How does misinformation spread in search engines?
We often associate misinformation with fake news spread on social media. As algorithms favor high-engagement posts, Facebook, Twitter, and other platforms are fertile ground for false information. It doesn’t help that users can easily share and spread further enticing but false articles.
But misinformation is not solely a social media issue. By accounting for an estimated 30% of news searches (according to a Pew Research Center study), search engines are also great propagators of fake news. Recommendation algorithms of services like Google are said to rely on factors like Expertise, Authoritativeness, and Trustworthiness (E-A-T quality standard), yet it’s more complicated than that.
As per information science researcher Chirag Shah, the primary mechanisms of search engine misinformation don’t differ that much from social media misinformation. Here's how it works:
- Let’s say a relatively known website publishes inaccurate articles about a sensitive topic like health or finance. You find this content while browsing on your search engine, and as you find this content entertaining regardless of its relevance you keep reading it.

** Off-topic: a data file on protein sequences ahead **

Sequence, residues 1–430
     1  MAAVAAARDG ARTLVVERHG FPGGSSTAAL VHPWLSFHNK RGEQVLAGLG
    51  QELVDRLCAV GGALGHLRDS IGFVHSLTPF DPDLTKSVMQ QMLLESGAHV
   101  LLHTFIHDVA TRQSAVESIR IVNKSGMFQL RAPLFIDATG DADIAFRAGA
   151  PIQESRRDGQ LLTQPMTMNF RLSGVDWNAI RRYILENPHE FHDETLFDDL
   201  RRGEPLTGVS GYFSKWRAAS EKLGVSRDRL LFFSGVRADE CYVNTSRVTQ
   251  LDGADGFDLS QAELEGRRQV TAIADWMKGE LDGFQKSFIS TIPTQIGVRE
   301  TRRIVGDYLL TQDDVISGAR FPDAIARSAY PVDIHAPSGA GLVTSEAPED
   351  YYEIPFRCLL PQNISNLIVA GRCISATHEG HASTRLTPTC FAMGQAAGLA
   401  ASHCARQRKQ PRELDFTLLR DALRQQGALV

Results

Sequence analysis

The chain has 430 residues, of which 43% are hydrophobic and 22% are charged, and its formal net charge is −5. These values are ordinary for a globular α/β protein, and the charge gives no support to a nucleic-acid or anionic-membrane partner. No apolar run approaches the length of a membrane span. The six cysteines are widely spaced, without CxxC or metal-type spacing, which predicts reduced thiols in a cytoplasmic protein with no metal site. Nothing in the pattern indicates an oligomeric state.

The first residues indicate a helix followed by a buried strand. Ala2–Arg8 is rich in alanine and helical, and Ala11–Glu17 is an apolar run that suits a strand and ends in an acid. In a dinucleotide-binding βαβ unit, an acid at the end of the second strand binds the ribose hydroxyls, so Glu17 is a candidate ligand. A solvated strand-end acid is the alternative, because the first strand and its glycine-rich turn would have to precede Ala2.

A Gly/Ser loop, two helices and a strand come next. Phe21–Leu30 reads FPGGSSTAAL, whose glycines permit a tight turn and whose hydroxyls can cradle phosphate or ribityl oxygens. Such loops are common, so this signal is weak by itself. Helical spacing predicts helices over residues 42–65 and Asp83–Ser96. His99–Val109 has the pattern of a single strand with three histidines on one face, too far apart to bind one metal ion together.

- As you click on the result and show high engagement, Google or other search engine services will infer that this website content is relevant to you. Their algorithm will favor the display of this type of content and rank them higher on the results of related keywords.
- As this piece of content is now ranked higher, more and more users click on this piece of content, engage in it, which reinforces Google’s algorithms decisions even further.
- As a result, a significant number of search-engine users will consume and share this false information. This positive loop feedback is creating misinformation at scale.
To counter these mechanisms, Google relies on a domain authority score that factors in the age of the domain, the quality of backlinks, and published content. But that’s not enough to filter false information, especially on trending or complex topics.
There are some significant cases of search-engines misinformation that can get you a clearer picture of the phenomenon and help you be more cautious.
Examples of search engine misinformation
Apart from Google Search, these feedback mechanisms also apply to other search engine platforms. Let’s see some concrete examples of fake news propagation on various websites:
We have described how misinformation spreads on Google Search, but let’s take a real example. In 2018, a Facebook post wrongly claimed that a new deadly spider species spread in the US and had caused death in some states.
This post gained so much attention that many users typed the query “new deadly spiders’ on search engines. When analyzing the results, researchers found that almost half of these results were linked to content supporting or sharing this false news. Google Search was ranking them higher based on their stronger engagement.